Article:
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When will the bolt pass the elevator floor?

  1. Nov 27, 2017 #1
    • Member advised to use the provided formatting template when starting a new thread in a homework forum.
    A 5m tall elevator travels uniformly up an elevator shaft at 8m/s. At some point in time, a bolt falls from the top of the elevator and falls freely down the shaft. You can ignore the effect of air resistance.

    How many seconds after the fall will the bolt pass the bottom of the elevator?



    y=yi + vit + (1/2)at^2


    I tried to use the above equation for both the elevator and the bolt separately. The bolt takes 1.01 seconds to fall 5m and the elevator moves up 5m in 0.625 seconds.
     
  2. jcsd
  3. Nov 27, 2017 #2

    phinds

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    Do you think that will work? How about the fact that the bolt and the bottom of the elevator are not going to meet up at the time when the bolt has dropped 5m because by then the elevator floor will have moved upwards.
     
  4. Nov 27, 2017 #3
    Not really. I am not able to grasp this I guess.
     
  5. Nov 27, 2017 #4

    phinds

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    Well, you had best think about it some, else you will never solve the problem.
     
  6. Nov 27, 2017 #5
    I have been thinking about it all weekend. I know it must take less than 1 second because the floor is moving toward the bolt as it falls. The reason I signed up for this forum is to be given some insight about the problem. Can you explain to me how to solve this?
     
  7. Nov 27, 2017 #6

    phinds

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    What you need is the equation of motion for the bottom of the elevator and the equation of motion for the motion of the bolt and then you solve them for the place where they intersect. The equation of motion for the bottom of the elevator is trivial since it is uniform motion. What is the equation of motion for the bolt?
     
  8. Nov 27, 2017 #7
    0=5 -4.9t^2 ???
     
  9. Nov 27, 2017 #8

    phinds

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    OK, now you need both equations using the same coordinate system.
     
  10. Nov 27, 2017 #9
    This where I am getting confused. So, I need 5=8t and 0=5-4.9t^2 combined as 4.9t^2 + 8t - 10=0? That gives me 0.83 seconds.
     
  11. Nov 27, 2017 #10

    phinds

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    I think you need to draw a diagram and label your variables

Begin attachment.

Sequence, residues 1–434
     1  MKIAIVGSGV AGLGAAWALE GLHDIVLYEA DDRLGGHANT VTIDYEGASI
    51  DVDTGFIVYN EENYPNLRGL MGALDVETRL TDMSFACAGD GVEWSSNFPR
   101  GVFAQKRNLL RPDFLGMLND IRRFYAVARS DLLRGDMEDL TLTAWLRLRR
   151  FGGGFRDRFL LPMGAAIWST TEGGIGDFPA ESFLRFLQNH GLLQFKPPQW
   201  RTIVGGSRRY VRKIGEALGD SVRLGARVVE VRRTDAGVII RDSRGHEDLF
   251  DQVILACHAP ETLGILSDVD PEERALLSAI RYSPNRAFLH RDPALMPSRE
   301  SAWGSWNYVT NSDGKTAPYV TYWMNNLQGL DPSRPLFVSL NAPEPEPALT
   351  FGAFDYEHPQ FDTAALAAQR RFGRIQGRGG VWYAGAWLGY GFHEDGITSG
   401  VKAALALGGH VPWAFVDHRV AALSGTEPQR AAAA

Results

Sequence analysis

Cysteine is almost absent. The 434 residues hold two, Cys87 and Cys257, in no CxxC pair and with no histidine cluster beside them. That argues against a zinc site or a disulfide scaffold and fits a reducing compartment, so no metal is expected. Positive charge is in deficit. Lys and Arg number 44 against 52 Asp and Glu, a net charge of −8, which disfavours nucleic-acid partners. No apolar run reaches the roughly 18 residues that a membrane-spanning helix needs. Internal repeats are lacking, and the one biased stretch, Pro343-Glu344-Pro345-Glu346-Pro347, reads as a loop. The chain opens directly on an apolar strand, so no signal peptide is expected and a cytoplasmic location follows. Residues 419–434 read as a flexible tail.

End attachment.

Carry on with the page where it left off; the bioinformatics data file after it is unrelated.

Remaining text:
12. Nov 28, 2017 #11

    jbriggs444

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    When the bolt falls, does it fall from the elevator's top or from the adjacent wall? What is its initial velocity?
     
  13. Nov 28, 2017 #12
    As it turns out, the bolt has the same initial velocity of the elevator. Rather than noticing this earlier I assumed the initial velocity of the bolt was zero.

    Using the roof of the elevator as my origin my two equations are

    x[bolt] = 8t - 4.9t^2
    and
    x[floor] = -5 + 8t

    Setting them equal to each other eliminates the 8t from both sides and I am left with

    4.9t^2 = 5

    t = 1.01s
     
  14. Nov 29, 2017 #13

    haruspex

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    Ok.
    Are you familiar with using different inertial frames? It is a little simpler if you work in the reference frame of the elevator. The cancellation of the initial velocities is immediate.
     
  15. Dec 4, 2017 #14

    PeterO

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    For future reference to these types of questions, terms like "falls" and "is dropped" can be very misleading, since they imply the object immediately starts moving down. In fact the "breaks free from" or "is released" is a much better descriptor - and you can use that even if the original question doesn't.
    The "frame of reference" mentioned above is good. If you have access to a lift in a tall building, you should try the following.
    Drop (release) an object as you stand in a stationary lift (hold the door open and it won't move) and note how long it takes to reach the floor.
    Now start the lift - either up or down - and wait until it is travelling at constant speed (perhaps going past the 5th floor of 20) and again drop (release) the object and compare the time taken to reach the floor.
     
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